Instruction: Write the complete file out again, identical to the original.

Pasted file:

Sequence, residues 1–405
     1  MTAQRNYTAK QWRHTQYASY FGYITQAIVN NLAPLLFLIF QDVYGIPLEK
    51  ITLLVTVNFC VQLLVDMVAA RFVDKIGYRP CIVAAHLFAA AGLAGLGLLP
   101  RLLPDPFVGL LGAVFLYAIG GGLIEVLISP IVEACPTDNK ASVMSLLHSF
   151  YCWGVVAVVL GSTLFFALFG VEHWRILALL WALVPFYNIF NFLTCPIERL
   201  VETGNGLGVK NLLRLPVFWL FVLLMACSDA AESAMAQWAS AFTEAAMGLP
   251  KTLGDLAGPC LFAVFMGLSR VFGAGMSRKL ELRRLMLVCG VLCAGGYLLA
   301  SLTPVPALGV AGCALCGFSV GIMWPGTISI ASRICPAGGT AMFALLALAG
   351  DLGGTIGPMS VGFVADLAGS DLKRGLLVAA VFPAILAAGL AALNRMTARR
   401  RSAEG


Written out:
Sequence, residues 1–405
     1  MTAQRNYTAK QWRHTQYASY FGYITQAIVN NLAPLLFLIF QDVYGIPLEK
    51  ITLLVTVNFC VQLLVDMVAA RFVDKIGYRP CIVAAHLFAA AGLAGLGLLP
   101  RLLPDPFVGL LGAVFLYAIG GGLIEVLISP IVEACPTDNK ASVMSLLHSF
   151  YCWGVVAVVL GSTLFFALFG VEHWRILALL WALVPFYNIF NFLTCPIERL
   201  VETGNGLGVK NLLRLPVFWL FVLLMACSDA AESAMAQWAS AFTEAAMGLP
   251  KTLGDLAGPC LFAVFMGLSR VFGAGMSRKL ELRRLMLVCG VLCAGGYLLA
   301  SLTPVPALGV AGCALCGFSV GIMWPGTISI ASRICPAGGT AMFALLALAG
   351  DLGGTIGPMS VGFVADLAGS DLKRGLLVAA VFPAILAAGL AALNRMTARR
   401  RSAEG